We've already blogged about the excellent Portfolio Instant App and how it's a great way to update your classic Map Series binders, but we wanted to bring your attention to Portfolio again because it just added a lot of new capabilities in the March 2022 ArcGIS Online release.
This week, the StoryMaps team published our largest update to our documentation since the launch of ArcGIS StoryMaps. Several of the additions are focused on ArcGIS Enterprise customers and helping answer some of their common questions.
Esri Training is eager to announce that a brand-new Creating Stories with ArcGIS course is now available. The hands-on course is designed to help you discover the power of visual storytelling using ArcGIS StoryMaps. Read this article to learn more about the two-day course.
The 2.0 version of the ArcGIS API for Python has been released, and it contains a new module for working with ArcGIS StoryMaps.
Using the new module you can create and edit stories programmatically, and this opens up a whole range of possibilities. This capability can be useful if you need to make regular updates to information in a story. You could use a python script to replace images of charts, pieces of text (such as status references, data numbers, etc), or even web maps with the latest versions. You could also use python to generate a set of similar stories using different content; for example, a report for every municipality in a state or county.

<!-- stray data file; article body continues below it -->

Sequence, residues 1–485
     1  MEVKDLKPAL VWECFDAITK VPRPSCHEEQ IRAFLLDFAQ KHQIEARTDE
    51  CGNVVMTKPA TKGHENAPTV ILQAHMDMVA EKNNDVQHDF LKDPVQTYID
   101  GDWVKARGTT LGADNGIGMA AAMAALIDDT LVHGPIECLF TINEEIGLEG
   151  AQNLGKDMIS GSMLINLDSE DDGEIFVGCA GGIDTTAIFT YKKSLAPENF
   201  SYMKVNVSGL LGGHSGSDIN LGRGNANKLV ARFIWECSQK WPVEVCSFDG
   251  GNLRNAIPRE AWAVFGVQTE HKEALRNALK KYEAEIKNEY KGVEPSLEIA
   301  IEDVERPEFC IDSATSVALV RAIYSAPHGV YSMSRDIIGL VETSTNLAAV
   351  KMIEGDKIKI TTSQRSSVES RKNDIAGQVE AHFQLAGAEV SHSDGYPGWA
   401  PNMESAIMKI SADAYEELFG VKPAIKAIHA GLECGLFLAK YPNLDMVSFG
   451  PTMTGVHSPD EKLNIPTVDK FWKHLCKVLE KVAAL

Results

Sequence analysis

The StoryMaps team has published a story with a series of videos that may be helpful for members of the community looking for guidance when recreating experiences similar to those offered by the classic Esri Story Maps templates.
When you share the link for a private StoryMap, it's not always clear to the recipient which account they need to log in with to gain access to it. In many cases, this is not an issue; however, this can present a challenge for people with multiple ArcGIS Online accounts or who are members of organizations that use only enterprise logins.
This article describes how you can share a story with an organization-specific link to help improve the experience in these situations.
The classic storytelling templates went into extended support in September 2021. As a result of this transition, the classic Esri Story Maps website, which includes information and resources for working with Esri's classic storytelling templates, will no longer be maintained. In a few months, we will begin the retirement of the classic website. Read this article for more details.
When you embed a Survey123 form in a StoryMap, the story builder makes some modifications to the form to try to make it look and work better in the story. Many times these modifications are helpful, but sometimes authors might want to make different decisions. You can easily customize this behavior using the information provided in this article.